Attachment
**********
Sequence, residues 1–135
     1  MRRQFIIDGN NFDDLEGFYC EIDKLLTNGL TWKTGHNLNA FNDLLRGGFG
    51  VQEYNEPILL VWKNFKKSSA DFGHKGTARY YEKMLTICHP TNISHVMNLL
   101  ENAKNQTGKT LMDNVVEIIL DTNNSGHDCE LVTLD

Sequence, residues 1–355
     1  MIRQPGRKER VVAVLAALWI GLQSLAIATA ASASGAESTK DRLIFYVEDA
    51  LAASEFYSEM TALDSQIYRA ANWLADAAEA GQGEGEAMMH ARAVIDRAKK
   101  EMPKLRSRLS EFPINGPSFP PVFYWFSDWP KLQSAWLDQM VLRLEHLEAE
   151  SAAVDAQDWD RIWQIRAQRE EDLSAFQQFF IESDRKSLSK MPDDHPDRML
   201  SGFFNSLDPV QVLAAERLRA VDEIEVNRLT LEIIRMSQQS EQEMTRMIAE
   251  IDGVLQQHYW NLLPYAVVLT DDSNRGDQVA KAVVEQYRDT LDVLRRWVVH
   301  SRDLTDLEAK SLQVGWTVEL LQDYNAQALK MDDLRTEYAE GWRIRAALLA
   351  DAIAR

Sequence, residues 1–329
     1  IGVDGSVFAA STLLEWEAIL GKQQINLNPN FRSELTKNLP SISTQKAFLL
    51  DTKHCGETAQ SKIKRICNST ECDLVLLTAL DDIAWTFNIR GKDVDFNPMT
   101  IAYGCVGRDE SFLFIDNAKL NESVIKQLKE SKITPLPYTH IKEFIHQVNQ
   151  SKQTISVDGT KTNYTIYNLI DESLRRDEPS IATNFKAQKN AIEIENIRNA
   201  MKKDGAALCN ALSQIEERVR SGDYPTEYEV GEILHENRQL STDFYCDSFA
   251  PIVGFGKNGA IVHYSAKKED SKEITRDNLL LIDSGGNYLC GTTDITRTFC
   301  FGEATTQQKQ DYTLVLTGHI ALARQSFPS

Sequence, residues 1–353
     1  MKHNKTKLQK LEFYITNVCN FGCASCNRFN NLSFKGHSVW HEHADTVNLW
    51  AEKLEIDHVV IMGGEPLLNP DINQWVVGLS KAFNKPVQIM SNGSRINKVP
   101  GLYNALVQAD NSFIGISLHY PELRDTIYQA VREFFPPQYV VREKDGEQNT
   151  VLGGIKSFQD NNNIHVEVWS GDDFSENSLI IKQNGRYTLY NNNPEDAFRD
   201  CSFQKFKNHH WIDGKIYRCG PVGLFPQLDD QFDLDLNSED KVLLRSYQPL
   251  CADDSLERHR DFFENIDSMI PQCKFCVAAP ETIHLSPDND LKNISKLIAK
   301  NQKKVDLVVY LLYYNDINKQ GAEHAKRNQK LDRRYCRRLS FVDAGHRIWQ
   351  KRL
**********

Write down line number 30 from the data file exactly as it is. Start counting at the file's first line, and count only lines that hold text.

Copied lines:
   351  KRL